Skip to comments.State, local government jobs jumped since 2000, In NJ the private sector stayed flat
Posted on 06/29/2006 9:36:00 PM PDT by Coleus
New Jersey added 59,400 state and local-government jobs in the first half of this decade, even as private-sector employment was flat, a Star-Ledger analysis has found. The 11 percent increase in government jobs -- driven largely by ballooning education payrolls -- outpaced population growth and came at a time of rising anger over skyrocketing property taxes.
"It's an incredible number that leaves private businessmen and taxpayers scratching their heads and saying, 'How is this possible?'" said Philip Kirschner, president of the New Jersey Business and Industry Association. "The economy is the same for all of us, so where are the public entities getting the money? We all know the answer to that question."
It is a basic rule of economics that private-sector jobs pay the bills that government jobs produce, which explains why New Jersey is suffering from huge budget gaps and soaring property taxes, experts said. In 2005, there were almost 580,000 state and local-government jobs. "It's probably the best indicator of why we have a property tax problem," said James Hughes, a Rutgers University dean who often writes about the regional economy. "It relates to the expenditure side of the equation."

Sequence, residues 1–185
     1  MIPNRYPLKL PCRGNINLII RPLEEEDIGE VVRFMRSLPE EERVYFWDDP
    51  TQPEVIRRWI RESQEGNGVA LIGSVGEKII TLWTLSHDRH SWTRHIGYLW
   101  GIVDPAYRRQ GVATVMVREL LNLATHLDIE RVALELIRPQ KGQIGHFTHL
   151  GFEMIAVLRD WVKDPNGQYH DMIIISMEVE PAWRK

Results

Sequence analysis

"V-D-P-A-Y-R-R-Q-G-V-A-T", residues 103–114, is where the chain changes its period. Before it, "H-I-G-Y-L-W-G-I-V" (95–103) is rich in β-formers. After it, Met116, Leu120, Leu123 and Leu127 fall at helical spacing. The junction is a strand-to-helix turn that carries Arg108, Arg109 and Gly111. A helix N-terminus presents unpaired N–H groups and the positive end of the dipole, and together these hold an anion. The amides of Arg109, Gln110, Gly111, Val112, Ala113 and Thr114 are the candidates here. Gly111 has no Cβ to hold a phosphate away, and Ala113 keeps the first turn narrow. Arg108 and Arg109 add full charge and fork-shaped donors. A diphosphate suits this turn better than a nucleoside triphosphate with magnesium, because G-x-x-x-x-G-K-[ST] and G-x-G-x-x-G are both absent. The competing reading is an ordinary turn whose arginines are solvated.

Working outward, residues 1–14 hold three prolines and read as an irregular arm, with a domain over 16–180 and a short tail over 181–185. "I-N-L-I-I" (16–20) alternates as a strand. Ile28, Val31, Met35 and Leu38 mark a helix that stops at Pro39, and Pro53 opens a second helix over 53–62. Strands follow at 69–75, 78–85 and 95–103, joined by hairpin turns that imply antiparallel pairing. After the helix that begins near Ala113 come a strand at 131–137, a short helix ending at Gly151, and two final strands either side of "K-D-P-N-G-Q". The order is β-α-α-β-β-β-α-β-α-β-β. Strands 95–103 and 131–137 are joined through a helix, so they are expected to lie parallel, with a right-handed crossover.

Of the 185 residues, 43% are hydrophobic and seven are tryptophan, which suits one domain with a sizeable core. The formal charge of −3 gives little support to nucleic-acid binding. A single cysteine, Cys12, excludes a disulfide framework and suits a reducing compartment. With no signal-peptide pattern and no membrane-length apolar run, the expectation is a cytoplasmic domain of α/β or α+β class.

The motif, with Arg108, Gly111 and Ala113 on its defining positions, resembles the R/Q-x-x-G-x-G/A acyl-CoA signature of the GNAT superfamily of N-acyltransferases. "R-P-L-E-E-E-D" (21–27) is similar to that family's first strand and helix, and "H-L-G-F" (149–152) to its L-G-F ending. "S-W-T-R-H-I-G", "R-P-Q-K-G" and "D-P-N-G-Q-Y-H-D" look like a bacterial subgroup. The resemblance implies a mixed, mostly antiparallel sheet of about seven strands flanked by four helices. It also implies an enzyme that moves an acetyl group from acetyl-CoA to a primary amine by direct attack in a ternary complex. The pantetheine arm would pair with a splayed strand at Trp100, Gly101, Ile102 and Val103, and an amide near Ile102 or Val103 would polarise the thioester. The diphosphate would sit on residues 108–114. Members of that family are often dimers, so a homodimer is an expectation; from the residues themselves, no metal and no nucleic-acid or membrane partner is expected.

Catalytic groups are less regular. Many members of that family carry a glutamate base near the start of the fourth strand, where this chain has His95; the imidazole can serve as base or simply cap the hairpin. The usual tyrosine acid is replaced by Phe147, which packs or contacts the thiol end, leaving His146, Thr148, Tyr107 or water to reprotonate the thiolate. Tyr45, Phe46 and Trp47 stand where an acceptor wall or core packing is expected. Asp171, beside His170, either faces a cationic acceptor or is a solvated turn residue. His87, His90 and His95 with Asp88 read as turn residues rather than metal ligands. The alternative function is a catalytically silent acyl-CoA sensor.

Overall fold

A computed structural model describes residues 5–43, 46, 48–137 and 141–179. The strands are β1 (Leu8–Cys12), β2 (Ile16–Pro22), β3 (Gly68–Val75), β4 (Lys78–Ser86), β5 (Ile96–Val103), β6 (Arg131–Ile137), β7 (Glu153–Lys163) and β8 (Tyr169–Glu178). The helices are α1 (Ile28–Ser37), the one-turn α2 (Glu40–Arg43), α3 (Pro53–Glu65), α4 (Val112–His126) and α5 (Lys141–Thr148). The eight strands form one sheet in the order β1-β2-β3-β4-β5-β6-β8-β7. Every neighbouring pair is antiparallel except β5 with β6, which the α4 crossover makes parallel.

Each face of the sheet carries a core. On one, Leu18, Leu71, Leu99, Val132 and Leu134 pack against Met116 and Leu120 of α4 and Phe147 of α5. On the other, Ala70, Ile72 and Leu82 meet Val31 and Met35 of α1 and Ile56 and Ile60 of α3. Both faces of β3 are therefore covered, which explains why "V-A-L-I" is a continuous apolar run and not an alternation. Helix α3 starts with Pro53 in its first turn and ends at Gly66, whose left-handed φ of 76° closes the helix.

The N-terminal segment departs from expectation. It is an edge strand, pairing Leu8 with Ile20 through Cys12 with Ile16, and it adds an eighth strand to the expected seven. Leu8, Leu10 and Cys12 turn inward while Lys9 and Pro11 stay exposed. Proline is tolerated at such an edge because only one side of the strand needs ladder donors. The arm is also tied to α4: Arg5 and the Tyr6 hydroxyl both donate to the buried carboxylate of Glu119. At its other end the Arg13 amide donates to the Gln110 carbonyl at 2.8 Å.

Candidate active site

The issue of taxation -- and voter anger -- will be center stage this week in Trenton, as lawmakers and Gov. Jon Corzine wrestle over the best way to balance the budget. It also will be the subject of a summer session targeting rising property taxes. Senate President Richard Codey (D-Essex) and Minority Leader Leonard Lance (R-Hunterdon) have both said there must be a focus on cutting budgets, and neither said he was surprised to hear the public-sector growth statistics, which are reported by the state Department of Labor and Workforce Development.
(Excerpt) Read more at nj.com ...
And come November the idiot sheeple of the PRNJ will dutifully vote straight-line for Rats.
Few friends of mine moved to NJ a few yrs back.. From what they tell us, taxes are KILLING them! I cringed when they told me how much they pay in property tax for a half acre of land with a modest house on it.
The final vote was Corzine 54%, Forrester 43%.... definetly not 'straight-line'.... but they still got beat by a good amount. The large dirty toilet bowl cities of NJ (Newark, Jersey City, Camden) destory the entire state.